Choosing a blogging platform: WordPress, Posterous, Tumblr and Blogger reviewed

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I’ve been blogging for a few years now and I’ve had a go with quite a few different blogging platforms. This article is a review of four of the leading providers. These are all free to use and some of them are ideal for not only creating a blog (that is an online journal) but also a simple website.

This is just a quick overview of the pros and cons of each of these platforms. If you want more detailed advice and information do email me, I’d be happy to help!

WordPress

This is WordPress.com rather than WordPress.org. WordPress.org is the free software you can download to build a website – this is more for techies who like playing with code. WordPress.com is the online blogging platform – also free to use but you don’t need to download anything and you don’t really need to be a techie to use it! WordPress is the platform on which this website you’re reading is based. It is probably the most flexible blogging platform around.

Pros:

  • enables you to easily add ‘widgets’ like a box with your tweets in, a facebook stream from a facebook page and other bits and bobs.
  • the statistics you get are brilliant – you can find out how many hits each blog post gets and each page gets and even find out where they came from – for example, if someone clicked a link in Facebook or found you via Google.
  • Using wordpress.com you can basically create a website that has a blog in it (like this one) so if you’re wanting to create a website for a small business or organisation this is a really easy way to do it.

Cons:

  • It can take a while to learn how to use the admin side of WordPress.
  • The selection of free ‘themes’ (ie. how your blog looks, colour schemes etc) is a little limited meaning that your blog may well look like a lot of other people’s.

Choose WordPress if:

  • You want to create a professional looking website quickly and easily.
  • You would like to get detailed statistics on who is reading your blog/website.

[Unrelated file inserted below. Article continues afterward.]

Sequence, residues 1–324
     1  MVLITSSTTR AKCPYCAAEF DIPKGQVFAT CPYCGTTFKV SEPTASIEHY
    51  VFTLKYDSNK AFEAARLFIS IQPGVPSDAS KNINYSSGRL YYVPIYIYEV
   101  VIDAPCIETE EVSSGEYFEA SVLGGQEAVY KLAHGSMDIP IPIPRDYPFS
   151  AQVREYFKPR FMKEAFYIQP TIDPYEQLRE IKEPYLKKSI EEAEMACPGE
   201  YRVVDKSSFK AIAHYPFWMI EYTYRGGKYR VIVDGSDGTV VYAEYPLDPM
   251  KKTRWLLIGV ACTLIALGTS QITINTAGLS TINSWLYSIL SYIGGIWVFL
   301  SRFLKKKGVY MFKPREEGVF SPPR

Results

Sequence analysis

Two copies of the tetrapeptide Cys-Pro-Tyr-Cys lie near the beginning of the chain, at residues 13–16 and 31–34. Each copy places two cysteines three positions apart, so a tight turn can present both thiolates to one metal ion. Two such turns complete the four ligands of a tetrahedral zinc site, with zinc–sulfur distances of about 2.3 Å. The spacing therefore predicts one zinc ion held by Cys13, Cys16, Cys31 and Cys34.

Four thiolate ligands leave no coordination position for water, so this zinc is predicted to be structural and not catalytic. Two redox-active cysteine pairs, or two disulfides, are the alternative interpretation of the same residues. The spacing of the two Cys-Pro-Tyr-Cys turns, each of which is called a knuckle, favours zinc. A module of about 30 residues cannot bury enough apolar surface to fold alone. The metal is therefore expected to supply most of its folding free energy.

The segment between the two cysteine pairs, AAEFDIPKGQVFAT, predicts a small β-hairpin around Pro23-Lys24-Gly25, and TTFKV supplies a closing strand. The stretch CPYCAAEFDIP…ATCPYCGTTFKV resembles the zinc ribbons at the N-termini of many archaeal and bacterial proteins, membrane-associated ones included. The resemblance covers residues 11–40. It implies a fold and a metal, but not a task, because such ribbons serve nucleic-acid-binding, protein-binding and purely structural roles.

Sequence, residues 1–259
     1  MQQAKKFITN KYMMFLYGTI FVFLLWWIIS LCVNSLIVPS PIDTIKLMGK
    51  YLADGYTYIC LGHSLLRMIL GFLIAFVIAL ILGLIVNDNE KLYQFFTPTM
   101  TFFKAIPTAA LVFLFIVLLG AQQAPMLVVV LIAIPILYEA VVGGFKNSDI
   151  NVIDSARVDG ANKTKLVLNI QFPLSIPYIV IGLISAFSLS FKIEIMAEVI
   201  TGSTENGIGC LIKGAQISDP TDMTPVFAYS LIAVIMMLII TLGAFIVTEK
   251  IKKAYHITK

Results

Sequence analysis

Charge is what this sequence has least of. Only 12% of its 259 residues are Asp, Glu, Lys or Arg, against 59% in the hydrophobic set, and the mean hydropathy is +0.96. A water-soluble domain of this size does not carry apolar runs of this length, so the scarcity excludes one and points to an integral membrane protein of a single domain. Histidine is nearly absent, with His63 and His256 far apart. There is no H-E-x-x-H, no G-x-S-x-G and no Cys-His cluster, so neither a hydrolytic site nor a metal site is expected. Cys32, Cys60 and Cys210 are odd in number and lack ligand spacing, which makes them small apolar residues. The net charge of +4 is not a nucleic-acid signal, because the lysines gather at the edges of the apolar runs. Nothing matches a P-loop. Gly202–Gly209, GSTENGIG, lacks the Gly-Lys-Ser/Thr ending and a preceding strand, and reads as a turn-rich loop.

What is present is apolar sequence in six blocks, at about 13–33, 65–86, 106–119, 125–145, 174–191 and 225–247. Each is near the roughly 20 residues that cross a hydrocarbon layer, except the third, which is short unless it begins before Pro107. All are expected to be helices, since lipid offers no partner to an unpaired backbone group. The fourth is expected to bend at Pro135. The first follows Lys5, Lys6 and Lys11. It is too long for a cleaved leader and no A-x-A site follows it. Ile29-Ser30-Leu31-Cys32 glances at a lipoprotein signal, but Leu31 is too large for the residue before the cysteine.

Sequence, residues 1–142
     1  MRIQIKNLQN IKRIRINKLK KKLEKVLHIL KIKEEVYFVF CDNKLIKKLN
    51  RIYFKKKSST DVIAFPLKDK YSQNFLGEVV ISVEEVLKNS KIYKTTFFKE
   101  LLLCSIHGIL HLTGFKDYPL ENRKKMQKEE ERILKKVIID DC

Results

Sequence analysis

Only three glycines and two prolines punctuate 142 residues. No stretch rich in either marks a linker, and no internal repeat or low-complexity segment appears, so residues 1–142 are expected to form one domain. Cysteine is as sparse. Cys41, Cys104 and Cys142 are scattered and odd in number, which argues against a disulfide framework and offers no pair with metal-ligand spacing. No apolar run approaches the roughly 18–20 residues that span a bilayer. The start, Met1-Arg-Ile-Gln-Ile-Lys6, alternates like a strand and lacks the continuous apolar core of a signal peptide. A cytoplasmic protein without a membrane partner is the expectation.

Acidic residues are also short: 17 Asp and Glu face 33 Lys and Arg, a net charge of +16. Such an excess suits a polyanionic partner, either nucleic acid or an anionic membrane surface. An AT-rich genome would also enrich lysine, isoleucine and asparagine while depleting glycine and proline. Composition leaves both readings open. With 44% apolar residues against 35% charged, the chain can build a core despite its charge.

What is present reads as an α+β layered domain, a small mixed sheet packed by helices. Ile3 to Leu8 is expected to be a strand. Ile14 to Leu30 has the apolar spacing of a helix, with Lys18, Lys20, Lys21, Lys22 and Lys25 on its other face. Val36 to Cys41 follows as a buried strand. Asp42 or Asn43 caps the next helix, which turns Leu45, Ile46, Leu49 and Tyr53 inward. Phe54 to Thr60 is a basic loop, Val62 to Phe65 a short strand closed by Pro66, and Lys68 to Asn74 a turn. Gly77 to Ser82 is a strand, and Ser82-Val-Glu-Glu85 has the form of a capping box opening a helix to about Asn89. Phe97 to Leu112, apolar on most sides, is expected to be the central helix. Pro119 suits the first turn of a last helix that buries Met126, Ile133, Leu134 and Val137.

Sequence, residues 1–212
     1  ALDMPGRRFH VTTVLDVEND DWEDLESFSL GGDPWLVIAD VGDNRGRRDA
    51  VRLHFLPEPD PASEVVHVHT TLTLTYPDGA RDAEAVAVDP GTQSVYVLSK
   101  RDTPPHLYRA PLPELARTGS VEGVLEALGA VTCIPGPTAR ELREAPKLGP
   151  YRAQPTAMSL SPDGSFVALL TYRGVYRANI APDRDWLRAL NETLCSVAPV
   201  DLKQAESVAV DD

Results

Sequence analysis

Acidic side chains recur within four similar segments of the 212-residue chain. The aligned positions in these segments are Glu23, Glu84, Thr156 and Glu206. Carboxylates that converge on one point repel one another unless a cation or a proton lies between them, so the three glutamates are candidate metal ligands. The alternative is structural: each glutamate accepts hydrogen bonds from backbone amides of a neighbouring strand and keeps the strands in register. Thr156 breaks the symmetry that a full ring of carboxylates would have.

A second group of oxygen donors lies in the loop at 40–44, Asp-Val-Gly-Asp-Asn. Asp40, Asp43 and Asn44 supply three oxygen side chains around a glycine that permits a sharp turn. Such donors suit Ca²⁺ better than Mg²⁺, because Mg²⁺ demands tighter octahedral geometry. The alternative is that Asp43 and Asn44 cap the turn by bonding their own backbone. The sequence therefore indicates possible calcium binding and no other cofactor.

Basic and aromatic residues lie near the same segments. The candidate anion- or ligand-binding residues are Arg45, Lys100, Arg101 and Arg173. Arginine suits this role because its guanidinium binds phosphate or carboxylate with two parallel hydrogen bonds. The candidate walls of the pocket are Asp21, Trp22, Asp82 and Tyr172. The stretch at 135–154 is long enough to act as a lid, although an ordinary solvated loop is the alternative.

• You want to integrate other services like Twitter and Facebook with your website.
Here are some examples of sites I’ve built using wordpress.com: 

Tumblr

Tumblr is described as a ‘micro-blogging’ platform. It has a simple, clean interface and is quite easy to use. Often favoured by people wanting to share photos or videos in one simple blog.

Pros:

  • Slick design – Tumblr blogs always look beautiful.
  • Good for sharing photos and video content.
  • Good for artists or bands.

Cons:

  • No statistics provided on who’s visited your site.
  • Not easy to integrate twitter and facebook buttons etc (you have to edit the code which is fiddly).

Choose Tumblr if:

  • Design, look and feel is more important to you than statistics.
  • You are likely to be sharing photos or videos more than text.
Here are some Tumblr sites I’ve created: 

Blogger

Blogger is the platform owned by Google and it’s been around for a long time. A nice traditional blogging platform, it’s the one on which I created my very first blog.
   
                      

 

Pros:

  • integrates with your Google account.
  • can easily add Google adverts to your blog
  • nice drag and drop feature for designing the look of your blog

Cons:

  • not as easy to integrate with social media
  • not all that flexible

Choose blogger if:

  • you just want to blog and that’s it – you won’t be using the site for anything else
  • you’re a fan of Google and want to link your Google account directly to a blog
I no longer use Blogger but here are a couple of my friends’ Blogger sites: 
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Posterous – nb Posterous will close 30 April 2013

Posterous is probably the easiest to use blogging platform out there. It’s so simple that you can create a blog post in an email and simply email it to your Posterous site where it will publish it online.

Pros:

  • Really easy to use – requires virtually no technical knowledge.
  • Post your blogs really easily to a wide variety of social networks – Twitter, Facebook, LinkedIn etc.
  • Nice selection of well designed themes to choose from (which are relatively easy to edit yourself without knowledge of coding).
  • You get a views counter on each blog post so you can see how many people have viewed it.
  • A really good iPhone and Android app is available for Posterous making it ideal for liveblogging events and conferences.

Cons:

  • Quite a basic platform – not great for doing anything too complicated.
  • Bit of a silly name – I’ve found lots of my friends calling it ‘preposterous’!

Choose Posterous if:

  • You want a place where you can share cool stuff you’ve found on the internet.
  • You want something really simple to use.
  • You want to be able to post to multiple social networks with one click.
Here are some of my posterous sites:
                                      
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